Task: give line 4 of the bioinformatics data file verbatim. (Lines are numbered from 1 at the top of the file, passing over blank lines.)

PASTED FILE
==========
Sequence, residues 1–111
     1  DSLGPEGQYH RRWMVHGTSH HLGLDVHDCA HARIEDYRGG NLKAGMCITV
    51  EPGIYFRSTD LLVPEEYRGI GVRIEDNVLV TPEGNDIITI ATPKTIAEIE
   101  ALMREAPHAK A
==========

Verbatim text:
   101  ALMREAPHAK A